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New moves to guard rural schools against closure

The education Secretary has announced fresh moves to protect rural schools, further restricting the freedom of local authorities to close schools at a time when they are looking for savings.

Michael Russell's new working group has been asked to draw up revised guidance to ensure that local authorities explore fully "all alternatives to rural school closures".

His announcement came as plans by Argyll and Bute Council to close a third of its 80 primary schools went out to public consultation - but only after the council's nine SNP councillors walked out of the ruling SNPIndependent coalition in protest. The proposals were passed narrowly by 19 votes to 17, after the Liberal Democrat group backed them.

Mr Russell was concerned, he said, that some rural communities which face losing their schools felt other proposals they put forward were being ignored or overlooked.

"This new working group will bring together all the key players to draw up robust, workable guidance for local authorities," he said. "Once in place, it will offer further reassurance to communities that the financial constraints facing Scotland do not make school closures inevitable."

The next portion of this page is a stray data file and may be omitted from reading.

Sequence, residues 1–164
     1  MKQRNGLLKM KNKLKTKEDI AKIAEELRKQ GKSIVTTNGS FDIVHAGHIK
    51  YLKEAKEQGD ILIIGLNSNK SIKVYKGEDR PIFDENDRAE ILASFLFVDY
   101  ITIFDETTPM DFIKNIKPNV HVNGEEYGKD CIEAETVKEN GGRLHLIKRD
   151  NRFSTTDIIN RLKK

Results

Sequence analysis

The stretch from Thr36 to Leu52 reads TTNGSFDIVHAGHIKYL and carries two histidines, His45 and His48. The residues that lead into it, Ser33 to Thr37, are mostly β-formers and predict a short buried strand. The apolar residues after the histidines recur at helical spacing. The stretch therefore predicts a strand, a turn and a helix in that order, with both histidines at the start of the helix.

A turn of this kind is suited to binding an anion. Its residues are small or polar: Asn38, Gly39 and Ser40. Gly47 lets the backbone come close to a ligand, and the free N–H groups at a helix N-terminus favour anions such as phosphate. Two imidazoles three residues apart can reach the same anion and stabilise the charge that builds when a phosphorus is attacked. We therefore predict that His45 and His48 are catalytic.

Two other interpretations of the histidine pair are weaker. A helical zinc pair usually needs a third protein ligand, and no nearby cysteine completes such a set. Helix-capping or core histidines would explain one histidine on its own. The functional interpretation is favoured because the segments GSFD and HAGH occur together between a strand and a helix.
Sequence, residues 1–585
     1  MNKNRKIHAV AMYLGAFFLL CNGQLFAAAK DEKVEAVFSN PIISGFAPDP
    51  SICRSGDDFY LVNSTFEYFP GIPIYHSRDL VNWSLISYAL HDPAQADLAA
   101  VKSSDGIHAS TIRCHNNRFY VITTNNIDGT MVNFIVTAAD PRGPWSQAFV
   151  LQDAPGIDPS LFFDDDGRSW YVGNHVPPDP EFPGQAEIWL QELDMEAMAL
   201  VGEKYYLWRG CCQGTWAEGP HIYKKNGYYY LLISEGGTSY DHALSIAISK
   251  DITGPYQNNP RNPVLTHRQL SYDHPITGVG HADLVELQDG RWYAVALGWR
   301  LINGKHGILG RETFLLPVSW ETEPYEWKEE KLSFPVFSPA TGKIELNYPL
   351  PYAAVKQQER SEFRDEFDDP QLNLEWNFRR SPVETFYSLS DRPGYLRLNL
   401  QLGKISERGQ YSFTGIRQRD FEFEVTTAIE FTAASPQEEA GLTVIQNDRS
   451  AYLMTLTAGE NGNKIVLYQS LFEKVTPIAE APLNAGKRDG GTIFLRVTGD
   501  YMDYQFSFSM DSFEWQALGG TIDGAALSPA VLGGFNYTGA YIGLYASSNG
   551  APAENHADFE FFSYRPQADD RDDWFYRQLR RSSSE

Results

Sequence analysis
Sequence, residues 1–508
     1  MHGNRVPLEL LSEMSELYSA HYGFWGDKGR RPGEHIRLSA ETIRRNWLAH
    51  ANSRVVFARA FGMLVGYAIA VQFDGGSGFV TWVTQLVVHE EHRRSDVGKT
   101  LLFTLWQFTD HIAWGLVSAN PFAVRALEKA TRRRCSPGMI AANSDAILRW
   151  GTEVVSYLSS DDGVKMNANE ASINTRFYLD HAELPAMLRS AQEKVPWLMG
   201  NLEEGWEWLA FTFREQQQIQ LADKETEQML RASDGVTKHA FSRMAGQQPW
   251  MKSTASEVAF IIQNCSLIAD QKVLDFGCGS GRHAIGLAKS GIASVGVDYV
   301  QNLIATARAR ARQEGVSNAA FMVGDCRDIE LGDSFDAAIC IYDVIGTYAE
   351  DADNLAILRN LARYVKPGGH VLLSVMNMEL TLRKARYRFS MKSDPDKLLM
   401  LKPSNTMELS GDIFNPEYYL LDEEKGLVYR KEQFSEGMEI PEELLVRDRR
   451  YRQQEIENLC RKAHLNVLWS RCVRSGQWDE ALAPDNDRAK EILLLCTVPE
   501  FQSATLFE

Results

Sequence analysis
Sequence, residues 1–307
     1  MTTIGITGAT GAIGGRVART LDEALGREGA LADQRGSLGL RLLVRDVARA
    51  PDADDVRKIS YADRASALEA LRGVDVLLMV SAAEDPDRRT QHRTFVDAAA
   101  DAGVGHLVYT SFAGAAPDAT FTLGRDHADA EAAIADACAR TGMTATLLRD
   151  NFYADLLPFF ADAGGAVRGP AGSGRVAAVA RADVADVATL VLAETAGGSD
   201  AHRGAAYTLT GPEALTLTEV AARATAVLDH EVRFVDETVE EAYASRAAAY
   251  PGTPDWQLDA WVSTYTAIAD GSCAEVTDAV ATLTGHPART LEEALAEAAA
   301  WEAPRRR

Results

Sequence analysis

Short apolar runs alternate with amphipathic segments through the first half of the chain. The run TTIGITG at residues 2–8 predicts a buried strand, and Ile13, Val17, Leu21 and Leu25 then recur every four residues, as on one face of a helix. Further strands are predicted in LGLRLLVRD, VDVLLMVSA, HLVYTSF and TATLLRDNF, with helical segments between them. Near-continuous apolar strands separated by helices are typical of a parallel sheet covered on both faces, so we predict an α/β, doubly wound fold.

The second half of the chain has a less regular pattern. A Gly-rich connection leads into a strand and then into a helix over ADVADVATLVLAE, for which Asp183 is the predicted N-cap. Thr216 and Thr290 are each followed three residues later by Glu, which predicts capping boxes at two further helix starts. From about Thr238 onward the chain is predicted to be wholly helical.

The Education Secretary also confirmed that he will comply with civil service advice and not be involved in any ministerial decisions that may be required in relation to school closures in Argyll and Bute.

Mr Russell is seen as having a conflict of interest. Not only does he live in Argyll and is the SNP parliamentary candidate in Argyll and Bute, but his wife, Cathleen, has been affected by the proposals. Until a month ago, she was headteacher of Toward Primary which is slated for merger, and she has been moved to become acting head of nearby Sandbank Primary.

The Education Secretary has the power to call in council closure plans, under new legislation introduced earlier this year by the Scottish Government to protect rural schools. This step is taken when ministers feel there is evidence that public consultation has not been robust enough or where there is doubt over the education benefits of closing a school.

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